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IDIS 100 Intensive English Language Program (1/2)

Intense coursework and co-curricular learning prior to orientation for first year international students whose first language is not English. Coursework focuses on improving students' English language skills, particularly in regard to reading and writing for academic purposes. Coursework and co-curricular learning create opportunities to improve listening and speaking skills, as well as gain greater understanding of Knox College culture within the broader US culture. Prerequisite(s): Foreign student for whom English is a second language; Staff

IDIS 101 English as a Second Language (1/2)

For international students whose first language is not English. Coursework focuses on developing English speaking, listening, reading, and writing skills, particularly in regard to academic purposes. This course will support First-Year Preceptorial and provide an introduction to Knox liberal arts education. May be taken twice for credit; Staff

IDIS 120 Social Justice Dialogues

Dialogues are structured conversations in which individuals on many sides of an issue come together to learn from one another and reach a deeper understanding of one another in order to critically assess their roles as allies and activists. In this class, we will read personal accounts of what it is like to inhabit particular identities; we will look at history to figure out where our present-day situations came from; we will examine psychological essays for perspectives on how our brains work; andwe will explore sociological explanations for how inequality and injustice can be found in the personal decisions, systems, and institutions that surround us. We willthink about group processes and dynamics, social identity group development, prejudice and stereotyping, and culture, cultural cues, and judgments. We will also watch movies; use exercises, simulations, and role-plays; discuss the readings; and we will reflect on interactions and assignments during class. Prerequisite(s): By application only; Cross Listing: PJST 120; PI; Staff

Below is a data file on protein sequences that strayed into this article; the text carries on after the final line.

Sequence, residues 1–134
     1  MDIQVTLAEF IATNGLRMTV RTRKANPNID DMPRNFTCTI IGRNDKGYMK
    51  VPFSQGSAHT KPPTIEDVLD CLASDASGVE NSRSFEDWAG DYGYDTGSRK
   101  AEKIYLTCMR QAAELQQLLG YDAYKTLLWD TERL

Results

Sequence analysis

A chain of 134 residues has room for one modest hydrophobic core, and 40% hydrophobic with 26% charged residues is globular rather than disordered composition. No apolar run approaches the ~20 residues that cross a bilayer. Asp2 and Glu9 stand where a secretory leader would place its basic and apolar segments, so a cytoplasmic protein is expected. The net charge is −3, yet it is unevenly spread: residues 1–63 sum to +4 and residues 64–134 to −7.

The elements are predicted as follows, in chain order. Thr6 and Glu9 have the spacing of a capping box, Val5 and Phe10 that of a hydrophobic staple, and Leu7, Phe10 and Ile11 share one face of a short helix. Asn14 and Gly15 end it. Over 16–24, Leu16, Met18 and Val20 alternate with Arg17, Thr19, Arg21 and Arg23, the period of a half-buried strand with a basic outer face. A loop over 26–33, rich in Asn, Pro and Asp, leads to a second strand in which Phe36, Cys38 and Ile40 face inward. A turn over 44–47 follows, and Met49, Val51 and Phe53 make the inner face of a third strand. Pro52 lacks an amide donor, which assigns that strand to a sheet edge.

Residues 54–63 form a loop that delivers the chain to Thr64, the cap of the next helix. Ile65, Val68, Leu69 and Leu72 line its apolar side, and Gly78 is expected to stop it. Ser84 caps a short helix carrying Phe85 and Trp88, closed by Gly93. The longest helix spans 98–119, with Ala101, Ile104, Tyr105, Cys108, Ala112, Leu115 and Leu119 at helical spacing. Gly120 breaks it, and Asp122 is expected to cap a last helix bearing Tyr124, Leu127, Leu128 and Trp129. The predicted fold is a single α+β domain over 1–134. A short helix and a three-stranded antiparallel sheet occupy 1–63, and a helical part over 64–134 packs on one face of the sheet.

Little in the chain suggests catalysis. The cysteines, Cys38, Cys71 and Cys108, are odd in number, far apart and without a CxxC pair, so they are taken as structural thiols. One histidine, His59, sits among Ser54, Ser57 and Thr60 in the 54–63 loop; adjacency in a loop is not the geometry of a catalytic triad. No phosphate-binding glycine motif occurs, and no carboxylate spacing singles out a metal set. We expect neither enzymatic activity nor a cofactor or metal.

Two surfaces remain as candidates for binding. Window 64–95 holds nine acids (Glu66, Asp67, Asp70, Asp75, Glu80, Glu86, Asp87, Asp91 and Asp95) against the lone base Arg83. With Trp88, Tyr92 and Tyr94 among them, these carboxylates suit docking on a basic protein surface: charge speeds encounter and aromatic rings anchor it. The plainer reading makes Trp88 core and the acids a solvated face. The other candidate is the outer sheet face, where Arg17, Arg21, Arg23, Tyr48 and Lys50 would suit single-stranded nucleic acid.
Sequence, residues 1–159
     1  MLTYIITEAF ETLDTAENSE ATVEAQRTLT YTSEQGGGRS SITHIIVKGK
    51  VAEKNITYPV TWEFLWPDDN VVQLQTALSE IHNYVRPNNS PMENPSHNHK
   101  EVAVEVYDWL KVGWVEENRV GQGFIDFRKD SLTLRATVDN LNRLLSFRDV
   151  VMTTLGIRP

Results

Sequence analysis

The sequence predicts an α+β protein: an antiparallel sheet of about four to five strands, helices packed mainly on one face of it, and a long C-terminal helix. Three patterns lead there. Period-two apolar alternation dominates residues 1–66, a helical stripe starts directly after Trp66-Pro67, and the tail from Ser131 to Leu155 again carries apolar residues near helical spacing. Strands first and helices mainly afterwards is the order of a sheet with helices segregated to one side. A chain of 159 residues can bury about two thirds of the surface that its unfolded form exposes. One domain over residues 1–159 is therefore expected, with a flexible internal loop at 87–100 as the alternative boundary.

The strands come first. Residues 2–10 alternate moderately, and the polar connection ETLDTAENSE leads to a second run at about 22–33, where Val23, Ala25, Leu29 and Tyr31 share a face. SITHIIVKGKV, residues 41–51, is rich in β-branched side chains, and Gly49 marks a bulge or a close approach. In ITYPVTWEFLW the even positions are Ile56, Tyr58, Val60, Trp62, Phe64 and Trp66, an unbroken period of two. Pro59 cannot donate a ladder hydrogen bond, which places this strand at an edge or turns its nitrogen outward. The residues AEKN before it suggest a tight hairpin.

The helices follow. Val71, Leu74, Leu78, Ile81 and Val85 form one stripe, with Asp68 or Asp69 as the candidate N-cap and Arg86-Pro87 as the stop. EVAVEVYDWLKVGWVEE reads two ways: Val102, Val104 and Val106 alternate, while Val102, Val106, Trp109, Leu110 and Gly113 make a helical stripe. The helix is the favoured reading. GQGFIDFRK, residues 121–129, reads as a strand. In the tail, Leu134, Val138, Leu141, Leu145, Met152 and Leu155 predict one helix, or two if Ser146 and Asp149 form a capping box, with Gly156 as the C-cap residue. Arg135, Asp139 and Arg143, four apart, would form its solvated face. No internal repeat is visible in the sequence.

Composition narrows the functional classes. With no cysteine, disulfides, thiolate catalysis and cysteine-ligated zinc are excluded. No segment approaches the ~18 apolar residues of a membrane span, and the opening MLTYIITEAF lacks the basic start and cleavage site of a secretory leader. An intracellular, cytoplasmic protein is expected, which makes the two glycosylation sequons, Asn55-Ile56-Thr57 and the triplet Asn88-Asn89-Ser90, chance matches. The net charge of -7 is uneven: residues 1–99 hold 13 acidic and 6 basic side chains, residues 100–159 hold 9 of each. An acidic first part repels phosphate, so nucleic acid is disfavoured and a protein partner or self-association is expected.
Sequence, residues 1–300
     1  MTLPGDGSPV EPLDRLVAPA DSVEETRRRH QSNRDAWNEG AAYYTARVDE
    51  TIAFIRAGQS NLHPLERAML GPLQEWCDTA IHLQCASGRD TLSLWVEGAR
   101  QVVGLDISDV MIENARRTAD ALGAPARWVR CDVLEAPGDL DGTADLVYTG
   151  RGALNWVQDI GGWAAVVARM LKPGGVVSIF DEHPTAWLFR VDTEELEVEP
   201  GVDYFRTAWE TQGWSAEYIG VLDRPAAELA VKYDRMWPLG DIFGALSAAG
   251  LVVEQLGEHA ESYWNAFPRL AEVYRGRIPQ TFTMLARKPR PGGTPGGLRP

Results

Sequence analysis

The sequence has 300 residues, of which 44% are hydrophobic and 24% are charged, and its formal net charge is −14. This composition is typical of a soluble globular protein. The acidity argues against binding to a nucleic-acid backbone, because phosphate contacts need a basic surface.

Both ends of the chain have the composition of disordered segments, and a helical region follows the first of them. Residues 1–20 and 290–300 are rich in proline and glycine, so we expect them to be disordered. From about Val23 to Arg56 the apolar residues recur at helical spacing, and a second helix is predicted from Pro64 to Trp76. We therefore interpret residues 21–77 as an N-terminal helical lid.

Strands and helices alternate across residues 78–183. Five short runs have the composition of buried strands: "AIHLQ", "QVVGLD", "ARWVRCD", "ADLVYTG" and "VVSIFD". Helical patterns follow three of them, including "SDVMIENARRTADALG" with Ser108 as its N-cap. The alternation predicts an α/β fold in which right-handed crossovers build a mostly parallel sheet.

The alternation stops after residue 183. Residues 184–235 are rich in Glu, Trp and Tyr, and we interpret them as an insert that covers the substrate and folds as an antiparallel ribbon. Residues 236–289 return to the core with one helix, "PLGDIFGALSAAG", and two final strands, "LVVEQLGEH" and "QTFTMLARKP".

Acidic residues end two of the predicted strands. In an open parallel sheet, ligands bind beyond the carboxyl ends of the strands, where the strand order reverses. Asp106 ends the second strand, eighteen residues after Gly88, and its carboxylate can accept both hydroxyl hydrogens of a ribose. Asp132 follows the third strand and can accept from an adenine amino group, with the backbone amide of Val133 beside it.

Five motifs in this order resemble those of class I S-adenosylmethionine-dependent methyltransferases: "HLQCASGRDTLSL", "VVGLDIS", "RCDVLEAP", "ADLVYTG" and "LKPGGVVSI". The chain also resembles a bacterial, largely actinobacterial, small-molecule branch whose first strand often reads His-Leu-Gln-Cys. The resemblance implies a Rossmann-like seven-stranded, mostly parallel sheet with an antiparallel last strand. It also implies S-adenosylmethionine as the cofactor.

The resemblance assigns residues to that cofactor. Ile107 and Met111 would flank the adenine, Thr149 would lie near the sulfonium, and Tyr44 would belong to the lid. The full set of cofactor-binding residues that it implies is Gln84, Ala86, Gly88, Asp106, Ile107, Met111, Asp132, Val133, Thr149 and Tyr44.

In a multicultural society, discussions about issues of conflict and community are needed to facilitate understanding between social/cultural groups. In this intergroup dialogue, students will participate in semi-structured, face-to-face meetings around the issue of race. Students will discuss relevant reading material and explore group experiences in various social and institutional contexts. Participants will examine narratives and historical, psychological, and sociological materials and participate in exercises that will be debriefed in class and in weekly journals. Students will learn about pertinent issues facing the participating groups on campus and in society.

IDIS 130 Introduction to Leadership (1/2)

This course assumes that every individual has leadership potential and can develop their leadership abilities through mastery of theoretical concepts, collaborative work and thoughtful reflection. This interdisciplinary course - drawing from the fields of psychology, sociology, education, and communication - is designed to equip students with the knowledge and skills necessary to create a vision and organize others to address human and community needs. Staff

IDIS 140 Magic(al) Realism in Film

The term "magic realism" was coined by art critic Franz Roh in 1925 to describe paintings that react against the distortions of expressionism by producing realistic works that, as Roh states, "approach the ultimate enigmas and harmonies of existence" in order to convey "the calm admiration of the magic of being." Soon after, writers in South and Central America produced the more familiar "magical realism," which presents a hybrid world in which the real and the unreal cohabit. This course examines both these trends as incorporated in cinema, from the "deadpan" silent comedy of Buster Keaton to the fantasy/genre films of Guillermo del Toro (The Shape of Water), from the shadowy netherworld of film noir to the alternate realities of Charlie Kaufman (Eternal Sunshine of the Spotless Mind), in an effort to understand cinema's sometimes-overlooked role in the development and continuing popularity of magic(al) realism. P. Marasa